“It’s about a holistic approach to driver education and safety that is customer-focused and service-oriented, looking at how we can help every Washington resident achieve this goal: being a safe road user with a driver’s license who has every chance to succeed.” ”

Encouragement for other families to reach out

For parents who have children with autism and may be facing similar challenges, Cooke encouraged people to contact the department and help DOL understand the situation. The department works with stakeholders and partners statewide who focus on public safety and traffic safety and can often tap into resources that parents may not be aware of, Cooke said.

“There may already be solutions,” Cooke said. “Or, in this case, we can work with this nationwide team of people to develop solutions like this that have the potential to form the basis for future efforts.”

Soliday will still have to take and pass his driving test before receiving his license, Elizabeth said. But when he was able to drive on his own, they prepared to put a paper in the trunk of his car that clearly stated Brandon’s disability, along with his insurance information and car registration, so he could quickly remove these documents in case he would be arrested by the police. .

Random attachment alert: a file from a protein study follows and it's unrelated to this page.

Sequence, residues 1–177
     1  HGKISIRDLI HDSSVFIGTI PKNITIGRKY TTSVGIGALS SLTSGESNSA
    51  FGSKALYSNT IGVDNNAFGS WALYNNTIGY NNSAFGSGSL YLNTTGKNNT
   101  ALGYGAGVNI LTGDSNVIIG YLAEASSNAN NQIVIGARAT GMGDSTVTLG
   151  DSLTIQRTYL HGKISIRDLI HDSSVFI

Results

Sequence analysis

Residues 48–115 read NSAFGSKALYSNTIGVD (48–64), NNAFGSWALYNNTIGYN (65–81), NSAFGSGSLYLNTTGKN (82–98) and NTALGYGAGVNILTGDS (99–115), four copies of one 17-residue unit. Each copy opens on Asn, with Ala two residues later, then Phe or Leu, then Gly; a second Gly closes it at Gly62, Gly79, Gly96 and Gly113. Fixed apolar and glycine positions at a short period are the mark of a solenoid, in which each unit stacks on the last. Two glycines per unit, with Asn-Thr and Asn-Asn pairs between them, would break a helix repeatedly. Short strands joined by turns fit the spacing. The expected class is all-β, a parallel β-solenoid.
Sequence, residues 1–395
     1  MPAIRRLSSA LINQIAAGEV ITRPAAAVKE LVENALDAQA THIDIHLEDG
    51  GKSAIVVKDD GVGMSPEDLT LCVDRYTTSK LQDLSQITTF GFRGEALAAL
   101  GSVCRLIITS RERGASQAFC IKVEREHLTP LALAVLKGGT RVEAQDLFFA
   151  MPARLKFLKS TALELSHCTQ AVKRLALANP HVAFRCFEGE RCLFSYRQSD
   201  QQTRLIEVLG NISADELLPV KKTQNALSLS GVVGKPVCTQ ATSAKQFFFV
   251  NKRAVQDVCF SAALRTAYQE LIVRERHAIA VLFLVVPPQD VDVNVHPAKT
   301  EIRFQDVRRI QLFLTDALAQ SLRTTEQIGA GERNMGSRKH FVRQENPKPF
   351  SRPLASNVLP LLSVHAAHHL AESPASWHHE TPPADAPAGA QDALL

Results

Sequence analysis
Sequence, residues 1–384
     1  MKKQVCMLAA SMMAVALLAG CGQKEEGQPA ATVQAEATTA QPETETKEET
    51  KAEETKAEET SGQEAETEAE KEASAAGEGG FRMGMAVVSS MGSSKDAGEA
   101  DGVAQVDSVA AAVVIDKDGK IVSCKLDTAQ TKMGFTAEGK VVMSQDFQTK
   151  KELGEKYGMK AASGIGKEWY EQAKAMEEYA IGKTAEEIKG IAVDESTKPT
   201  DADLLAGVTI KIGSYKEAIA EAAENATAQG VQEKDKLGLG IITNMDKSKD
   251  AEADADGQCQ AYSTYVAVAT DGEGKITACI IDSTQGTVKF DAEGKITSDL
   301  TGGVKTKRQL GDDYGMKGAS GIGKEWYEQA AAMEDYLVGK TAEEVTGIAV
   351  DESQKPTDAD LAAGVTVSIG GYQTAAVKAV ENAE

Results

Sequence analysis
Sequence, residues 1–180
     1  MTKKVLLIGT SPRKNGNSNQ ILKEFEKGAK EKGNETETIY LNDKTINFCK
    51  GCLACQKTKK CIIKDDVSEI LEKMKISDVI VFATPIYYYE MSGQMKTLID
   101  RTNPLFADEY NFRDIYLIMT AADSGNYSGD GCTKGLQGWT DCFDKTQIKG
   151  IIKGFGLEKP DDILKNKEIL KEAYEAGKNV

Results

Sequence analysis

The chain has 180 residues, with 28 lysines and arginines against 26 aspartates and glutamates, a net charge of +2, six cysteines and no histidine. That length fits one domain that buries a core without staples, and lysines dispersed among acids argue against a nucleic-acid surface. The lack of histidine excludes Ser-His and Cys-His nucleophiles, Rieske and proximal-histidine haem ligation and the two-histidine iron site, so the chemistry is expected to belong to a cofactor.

Passing the knowledge test was a step on Soliday’s path to becoming more independent, Elizabeth said.

“Brandon has big goals,” Elizabeth said. “He has realistic goals…Brandon really wants to be an independent adult, as independent as he can be. He realizes he needs our support, but he just wants to prove himself.”

This article originally appeared on Kitsap Sun: Man with autism earns driver’s license with Washington state equity plan